17:03 GMT +316 December 2019
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    Fighting 'Terrorism': FBI Nabs Activists for Releasing Thousands of Mink

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    The FBI's Joint Terrorism Task Force has reportedly arrested two animal rights activists after they freed about 5,740 mink from farms and vandalized the houses and cars of fur industry members.

    Two animal rights activists have been accused of terrorizing the US' fur industry during cross-country trips in 2013, during which they released around 5,740 mink from farms; they also vandalized the houses and cars of fur industry members before being eventually arrested by the FBI, news reports said.

    31-year-old Joseph Brian Buddenberg and 28-year-old Nicole Juanita Kissane, both living in Oakland, California, have been charged with conspiracy to violate the Animal Enterprise Terrorism Act.

    In a statement on Friday, US Attorney Laura Duffy harshly condemned the pair's actions which caused hundreds of thousands of dollars in damages. 

    "Whatever your feelings about the fur industry, there are legal ways to make your opinions known. The conduct alleged here, sneaking around at night, stealing property and vandalizing homes and businesses with acid, glue, and chemicals, is a form of domestic terrorism and can't be permitted to continue, " Duffy was quoted by the Associated Press as saying.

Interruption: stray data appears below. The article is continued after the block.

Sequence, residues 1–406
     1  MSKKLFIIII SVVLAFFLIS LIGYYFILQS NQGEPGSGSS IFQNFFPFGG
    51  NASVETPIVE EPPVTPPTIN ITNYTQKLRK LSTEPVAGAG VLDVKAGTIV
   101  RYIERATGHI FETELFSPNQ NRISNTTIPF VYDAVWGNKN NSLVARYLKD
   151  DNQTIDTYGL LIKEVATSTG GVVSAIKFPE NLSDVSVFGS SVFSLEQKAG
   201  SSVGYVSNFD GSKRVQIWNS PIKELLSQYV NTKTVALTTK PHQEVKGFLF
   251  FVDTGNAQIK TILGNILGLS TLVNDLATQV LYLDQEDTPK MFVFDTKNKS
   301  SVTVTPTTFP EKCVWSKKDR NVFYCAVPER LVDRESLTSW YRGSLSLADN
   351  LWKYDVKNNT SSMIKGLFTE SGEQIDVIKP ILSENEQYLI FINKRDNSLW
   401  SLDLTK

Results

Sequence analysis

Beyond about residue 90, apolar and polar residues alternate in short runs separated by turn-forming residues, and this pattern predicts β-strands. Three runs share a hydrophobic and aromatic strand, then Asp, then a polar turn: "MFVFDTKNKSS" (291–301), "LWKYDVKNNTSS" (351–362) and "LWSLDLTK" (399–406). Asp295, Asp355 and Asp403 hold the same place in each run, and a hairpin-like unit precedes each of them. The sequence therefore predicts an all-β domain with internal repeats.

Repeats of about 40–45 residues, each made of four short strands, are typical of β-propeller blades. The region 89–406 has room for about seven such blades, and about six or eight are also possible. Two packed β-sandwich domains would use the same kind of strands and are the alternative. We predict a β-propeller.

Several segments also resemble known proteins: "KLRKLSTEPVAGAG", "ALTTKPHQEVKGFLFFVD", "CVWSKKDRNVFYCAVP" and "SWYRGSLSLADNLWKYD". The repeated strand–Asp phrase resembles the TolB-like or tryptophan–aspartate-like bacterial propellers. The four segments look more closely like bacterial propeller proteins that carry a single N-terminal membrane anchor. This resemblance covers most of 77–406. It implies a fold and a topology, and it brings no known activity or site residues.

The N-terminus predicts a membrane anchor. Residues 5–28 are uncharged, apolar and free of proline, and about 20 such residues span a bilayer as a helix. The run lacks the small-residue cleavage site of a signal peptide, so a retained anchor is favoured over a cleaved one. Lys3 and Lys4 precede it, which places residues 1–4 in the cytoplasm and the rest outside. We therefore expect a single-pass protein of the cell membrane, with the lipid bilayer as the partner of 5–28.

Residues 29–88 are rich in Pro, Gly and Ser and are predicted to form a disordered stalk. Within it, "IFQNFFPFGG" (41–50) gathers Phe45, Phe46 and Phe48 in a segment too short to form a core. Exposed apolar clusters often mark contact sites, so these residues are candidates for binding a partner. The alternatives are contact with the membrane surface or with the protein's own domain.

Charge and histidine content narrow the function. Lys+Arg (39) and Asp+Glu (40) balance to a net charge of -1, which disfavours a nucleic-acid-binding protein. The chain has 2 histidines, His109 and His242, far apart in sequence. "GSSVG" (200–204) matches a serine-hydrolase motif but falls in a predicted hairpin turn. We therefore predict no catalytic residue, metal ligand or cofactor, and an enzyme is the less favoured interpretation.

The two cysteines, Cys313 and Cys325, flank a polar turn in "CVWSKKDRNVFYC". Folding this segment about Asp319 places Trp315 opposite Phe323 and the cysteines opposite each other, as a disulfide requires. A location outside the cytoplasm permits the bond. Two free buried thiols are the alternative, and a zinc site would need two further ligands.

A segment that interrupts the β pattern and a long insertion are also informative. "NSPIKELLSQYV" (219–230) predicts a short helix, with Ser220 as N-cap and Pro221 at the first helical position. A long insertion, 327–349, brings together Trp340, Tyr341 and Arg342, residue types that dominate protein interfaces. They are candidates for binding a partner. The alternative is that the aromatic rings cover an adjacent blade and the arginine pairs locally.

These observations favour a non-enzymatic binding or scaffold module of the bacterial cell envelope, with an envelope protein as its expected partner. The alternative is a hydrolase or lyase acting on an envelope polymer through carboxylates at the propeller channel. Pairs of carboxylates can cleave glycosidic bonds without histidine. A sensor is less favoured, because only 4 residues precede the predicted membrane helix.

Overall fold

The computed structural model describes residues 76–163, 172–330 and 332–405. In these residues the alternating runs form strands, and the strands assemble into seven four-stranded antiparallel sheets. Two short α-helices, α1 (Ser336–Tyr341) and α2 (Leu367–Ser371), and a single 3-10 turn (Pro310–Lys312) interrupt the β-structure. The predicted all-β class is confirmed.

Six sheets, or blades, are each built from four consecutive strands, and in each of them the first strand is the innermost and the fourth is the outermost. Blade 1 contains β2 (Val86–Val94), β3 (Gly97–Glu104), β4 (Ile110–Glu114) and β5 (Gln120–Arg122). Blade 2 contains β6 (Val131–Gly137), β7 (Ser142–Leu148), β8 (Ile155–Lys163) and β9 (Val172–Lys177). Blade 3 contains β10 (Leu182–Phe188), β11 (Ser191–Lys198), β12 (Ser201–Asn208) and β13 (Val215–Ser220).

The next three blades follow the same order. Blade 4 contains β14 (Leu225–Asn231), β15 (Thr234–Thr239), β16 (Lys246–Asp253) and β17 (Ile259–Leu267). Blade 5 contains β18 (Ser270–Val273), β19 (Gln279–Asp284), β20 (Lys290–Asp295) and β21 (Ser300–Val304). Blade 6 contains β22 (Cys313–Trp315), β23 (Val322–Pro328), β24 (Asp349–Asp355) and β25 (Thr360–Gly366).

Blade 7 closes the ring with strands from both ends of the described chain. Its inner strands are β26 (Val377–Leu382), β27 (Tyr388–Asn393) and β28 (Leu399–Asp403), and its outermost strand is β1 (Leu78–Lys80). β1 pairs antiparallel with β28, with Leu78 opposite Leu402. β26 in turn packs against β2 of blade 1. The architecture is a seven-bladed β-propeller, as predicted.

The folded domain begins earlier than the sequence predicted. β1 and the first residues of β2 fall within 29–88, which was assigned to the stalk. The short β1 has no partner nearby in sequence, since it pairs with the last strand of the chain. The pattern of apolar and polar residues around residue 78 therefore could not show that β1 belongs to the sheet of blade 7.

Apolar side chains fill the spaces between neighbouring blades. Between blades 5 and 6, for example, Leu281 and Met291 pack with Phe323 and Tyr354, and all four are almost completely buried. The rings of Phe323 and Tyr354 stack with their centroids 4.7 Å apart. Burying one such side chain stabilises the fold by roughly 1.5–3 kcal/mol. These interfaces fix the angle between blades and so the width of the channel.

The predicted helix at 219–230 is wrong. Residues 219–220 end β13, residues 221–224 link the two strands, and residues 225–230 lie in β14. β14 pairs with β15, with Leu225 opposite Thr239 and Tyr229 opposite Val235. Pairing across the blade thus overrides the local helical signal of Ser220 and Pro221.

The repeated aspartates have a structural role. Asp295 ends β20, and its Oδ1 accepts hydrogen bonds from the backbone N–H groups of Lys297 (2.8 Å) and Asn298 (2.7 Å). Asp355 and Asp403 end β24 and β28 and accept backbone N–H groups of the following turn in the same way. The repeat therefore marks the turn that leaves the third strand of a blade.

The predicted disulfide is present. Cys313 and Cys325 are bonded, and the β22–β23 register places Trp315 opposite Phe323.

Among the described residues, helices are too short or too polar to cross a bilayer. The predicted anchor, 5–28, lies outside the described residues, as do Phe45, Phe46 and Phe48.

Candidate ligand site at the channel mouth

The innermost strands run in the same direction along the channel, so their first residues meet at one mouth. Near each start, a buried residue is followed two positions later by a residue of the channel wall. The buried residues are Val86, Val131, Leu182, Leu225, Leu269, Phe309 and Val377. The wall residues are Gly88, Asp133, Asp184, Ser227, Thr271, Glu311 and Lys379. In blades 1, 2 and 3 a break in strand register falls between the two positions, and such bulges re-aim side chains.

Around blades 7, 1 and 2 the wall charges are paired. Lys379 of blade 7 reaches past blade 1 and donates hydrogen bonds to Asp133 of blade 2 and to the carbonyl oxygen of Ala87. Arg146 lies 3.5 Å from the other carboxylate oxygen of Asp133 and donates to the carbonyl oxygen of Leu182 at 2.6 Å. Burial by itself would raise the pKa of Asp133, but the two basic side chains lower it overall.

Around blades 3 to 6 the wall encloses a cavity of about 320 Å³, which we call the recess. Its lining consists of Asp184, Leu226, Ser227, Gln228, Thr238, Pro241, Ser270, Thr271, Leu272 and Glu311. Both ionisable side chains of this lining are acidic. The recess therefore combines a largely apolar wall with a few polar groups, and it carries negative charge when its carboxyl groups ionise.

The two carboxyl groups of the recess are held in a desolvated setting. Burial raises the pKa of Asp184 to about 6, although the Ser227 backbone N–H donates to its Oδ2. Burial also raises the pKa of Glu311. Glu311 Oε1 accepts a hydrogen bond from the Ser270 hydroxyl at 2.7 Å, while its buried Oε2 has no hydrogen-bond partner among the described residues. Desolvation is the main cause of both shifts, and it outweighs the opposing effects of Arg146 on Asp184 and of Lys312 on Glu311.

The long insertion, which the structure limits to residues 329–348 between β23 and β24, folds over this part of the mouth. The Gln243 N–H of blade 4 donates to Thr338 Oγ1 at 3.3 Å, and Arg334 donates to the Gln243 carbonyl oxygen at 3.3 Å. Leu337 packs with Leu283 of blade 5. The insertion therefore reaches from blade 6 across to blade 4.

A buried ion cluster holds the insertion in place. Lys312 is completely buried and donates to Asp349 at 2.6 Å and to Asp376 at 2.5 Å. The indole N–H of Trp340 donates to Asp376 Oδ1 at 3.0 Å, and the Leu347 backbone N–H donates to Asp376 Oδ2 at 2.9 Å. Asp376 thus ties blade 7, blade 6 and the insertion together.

During cross-country trips in the summer and the fall of 2013, the pair covertly entered farms in Iowa, Idaho, Minnesota, Pennsylvania and Wisconsin, releasing mink and destroying breeding records.

    According to the FBI, they cut vehicles' tires, glued locks or smashed the windows of homes in San Diego, Spring Valley and La Mesa, California.
    The two allegedly managed to escape police by avoiding mobile phones or logging into known online email accounts. Instead, they used public Internet computers and encrypted email and cash for purchases. 

    They also posted communiques on the websites related to "animal rights extremists," the FBI said.

    The court hearing is scheduled for Tuesday as the two remain under house arrest with electronic monitoring.  If convicted, they each face a 250,000-dollar fine and up to ten years behind bars. 


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    Federal Bureau of Investigation (FBI), houses, actions, damages, conspiracy, fur industry, mink, United States
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